Recently some mainstream folks have been really excited about Deafheaven, a kind of indie/shoegaze-inflected take on black metal that undeniably has its merits. Personally I don’t really get the big deal. There have been bands doing interesting and more palatable versions of black metal for years, and they haven’t risen to the same level of indie exposure.
One of those bands is Pyramids, whose latest release A Northern Meadow seems to have struck a compelling new balance between more overt black metal influences and their earlier dreamy ambient leanings.
Whereas their self-titled was a weird washy mess of endlessly reverberating abstraction, A Northern Meadow dials back on the reverb just enough that you can make out the songs buried underneath this time, with all their darkly melodic guitar lines and washed-out dream-pop vocals rising from some half-forgotten memory that never really happened. There are prominent programmed drums driving the songs, but the hazy ambient electronics generally take a supporting role behind the guitar riffs this time.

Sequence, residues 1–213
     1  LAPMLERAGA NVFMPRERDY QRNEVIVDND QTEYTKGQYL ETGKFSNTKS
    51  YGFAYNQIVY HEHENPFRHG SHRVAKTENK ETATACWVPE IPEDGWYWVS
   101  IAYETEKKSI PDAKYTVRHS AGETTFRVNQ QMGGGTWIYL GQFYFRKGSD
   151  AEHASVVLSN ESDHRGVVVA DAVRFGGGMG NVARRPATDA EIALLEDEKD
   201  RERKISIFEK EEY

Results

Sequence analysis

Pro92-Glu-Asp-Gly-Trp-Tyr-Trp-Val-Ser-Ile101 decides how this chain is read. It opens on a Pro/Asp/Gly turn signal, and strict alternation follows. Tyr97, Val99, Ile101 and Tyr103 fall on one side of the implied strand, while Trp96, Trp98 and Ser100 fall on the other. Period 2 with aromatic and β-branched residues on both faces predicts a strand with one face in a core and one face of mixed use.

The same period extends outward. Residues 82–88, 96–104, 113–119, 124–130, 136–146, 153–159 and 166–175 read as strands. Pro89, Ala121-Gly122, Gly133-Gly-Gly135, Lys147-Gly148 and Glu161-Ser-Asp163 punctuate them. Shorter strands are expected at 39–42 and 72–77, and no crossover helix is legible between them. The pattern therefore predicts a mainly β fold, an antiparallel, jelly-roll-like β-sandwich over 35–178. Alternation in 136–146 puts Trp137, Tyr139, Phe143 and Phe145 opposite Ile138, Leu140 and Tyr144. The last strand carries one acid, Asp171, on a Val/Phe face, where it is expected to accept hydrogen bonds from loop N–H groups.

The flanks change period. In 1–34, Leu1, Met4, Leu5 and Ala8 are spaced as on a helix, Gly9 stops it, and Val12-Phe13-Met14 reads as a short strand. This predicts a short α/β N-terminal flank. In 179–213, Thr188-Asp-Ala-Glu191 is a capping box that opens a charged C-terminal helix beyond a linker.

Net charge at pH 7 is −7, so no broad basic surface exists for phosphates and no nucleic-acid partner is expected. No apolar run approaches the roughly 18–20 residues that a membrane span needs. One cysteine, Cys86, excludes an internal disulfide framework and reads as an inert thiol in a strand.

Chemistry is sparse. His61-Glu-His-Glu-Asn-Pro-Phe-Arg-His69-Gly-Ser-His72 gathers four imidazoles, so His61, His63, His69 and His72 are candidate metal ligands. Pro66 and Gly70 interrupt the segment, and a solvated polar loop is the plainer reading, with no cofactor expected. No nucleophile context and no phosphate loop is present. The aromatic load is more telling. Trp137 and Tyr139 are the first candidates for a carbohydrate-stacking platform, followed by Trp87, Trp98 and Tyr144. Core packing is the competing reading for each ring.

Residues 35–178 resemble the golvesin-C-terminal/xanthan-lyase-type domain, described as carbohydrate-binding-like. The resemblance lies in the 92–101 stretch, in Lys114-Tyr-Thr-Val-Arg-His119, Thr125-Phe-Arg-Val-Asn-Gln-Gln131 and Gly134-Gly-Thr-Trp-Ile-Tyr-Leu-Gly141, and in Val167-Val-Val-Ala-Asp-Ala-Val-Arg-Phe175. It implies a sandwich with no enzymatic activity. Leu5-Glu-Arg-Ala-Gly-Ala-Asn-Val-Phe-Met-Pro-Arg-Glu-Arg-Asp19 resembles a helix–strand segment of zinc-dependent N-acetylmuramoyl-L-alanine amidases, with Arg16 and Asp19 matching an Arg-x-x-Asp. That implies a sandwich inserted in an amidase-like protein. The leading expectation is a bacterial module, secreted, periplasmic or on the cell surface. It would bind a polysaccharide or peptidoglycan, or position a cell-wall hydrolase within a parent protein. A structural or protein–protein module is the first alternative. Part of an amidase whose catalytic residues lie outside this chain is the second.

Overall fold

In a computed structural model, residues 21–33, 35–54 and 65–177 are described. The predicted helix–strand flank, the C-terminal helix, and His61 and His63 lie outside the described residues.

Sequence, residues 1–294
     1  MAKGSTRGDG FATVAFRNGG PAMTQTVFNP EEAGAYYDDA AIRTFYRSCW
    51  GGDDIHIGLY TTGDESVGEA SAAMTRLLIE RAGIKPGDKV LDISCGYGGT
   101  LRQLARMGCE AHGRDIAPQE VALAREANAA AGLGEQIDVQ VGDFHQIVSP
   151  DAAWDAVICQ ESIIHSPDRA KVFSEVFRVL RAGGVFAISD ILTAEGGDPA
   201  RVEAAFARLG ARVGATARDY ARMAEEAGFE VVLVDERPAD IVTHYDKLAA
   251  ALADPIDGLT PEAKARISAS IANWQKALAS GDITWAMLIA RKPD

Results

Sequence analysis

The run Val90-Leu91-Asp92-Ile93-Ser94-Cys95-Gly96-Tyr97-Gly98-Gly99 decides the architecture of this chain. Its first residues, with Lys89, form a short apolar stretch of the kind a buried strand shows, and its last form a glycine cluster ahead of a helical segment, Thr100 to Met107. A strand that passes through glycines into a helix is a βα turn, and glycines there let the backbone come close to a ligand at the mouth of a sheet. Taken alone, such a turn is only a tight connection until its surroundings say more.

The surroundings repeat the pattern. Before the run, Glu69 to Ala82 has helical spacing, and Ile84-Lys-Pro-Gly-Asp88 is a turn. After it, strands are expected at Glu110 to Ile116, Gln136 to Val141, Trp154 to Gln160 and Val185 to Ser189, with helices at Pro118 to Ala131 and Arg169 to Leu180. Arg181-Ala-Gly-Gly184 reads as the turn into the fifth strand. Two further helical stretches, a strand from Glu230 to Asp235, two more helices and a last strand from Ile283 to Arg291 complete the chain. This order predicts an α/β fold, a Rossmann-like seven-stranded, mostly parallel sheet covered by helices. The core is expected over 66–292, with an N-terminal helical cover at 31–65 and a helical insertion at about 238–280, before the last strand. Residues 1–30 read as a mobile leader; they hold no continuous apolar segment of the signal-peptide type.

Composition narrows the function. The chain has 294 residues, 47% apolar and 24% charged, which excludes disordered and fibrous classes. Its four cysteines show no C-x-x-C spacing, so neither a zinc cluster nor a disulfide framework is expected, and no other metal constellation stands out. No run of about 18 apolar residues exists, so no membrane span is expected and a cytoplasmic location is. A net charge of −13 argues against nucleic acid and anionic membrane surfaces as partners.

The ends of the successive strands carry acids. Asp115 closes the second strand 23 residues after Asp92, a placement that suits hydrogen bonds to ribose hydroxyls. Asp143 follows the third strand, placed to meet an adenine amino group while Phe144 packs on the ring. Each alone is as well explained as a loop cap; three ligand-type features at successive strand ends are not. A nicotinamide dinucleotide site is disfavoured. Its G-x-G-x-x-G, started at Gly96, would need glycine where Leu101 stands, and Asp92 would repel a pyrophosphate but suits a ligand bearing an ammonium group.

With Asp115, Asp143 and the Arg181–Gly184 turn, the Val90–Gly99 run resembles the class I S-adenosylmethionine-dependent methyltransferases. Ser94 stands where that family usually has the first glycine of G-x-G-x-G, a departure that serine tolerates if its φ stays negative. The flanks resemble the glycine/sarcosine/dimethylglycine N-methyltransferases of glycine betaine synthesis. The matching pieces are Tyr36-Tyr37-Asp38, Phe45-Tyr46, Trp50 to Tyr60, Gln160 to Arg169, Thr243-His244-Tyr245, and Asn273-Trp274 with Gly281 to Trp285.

All this new relative clarity reveals the band’s uncelebrated talent for writing cool metal songs. Interesting harmonic twists and turns abound, as chords shimmer in and out of consonance. Two back-to-back highlights include “I Have Four Sons, All Named for Men We Lost to War” and the delightfully melodramatic “I Am So Sorry, Goodbye”.
For some someone like me who loves elements of black metal but finds most traditional black metal to be unfathomably dull, A Northern Meadow strikes a near-perfect balance between styles. I guess I’m only interested in the hipster version of black metal, huh? Anyway, this is a fantastic and engaging effort from a strangely underrated band, that I didn’t see coming.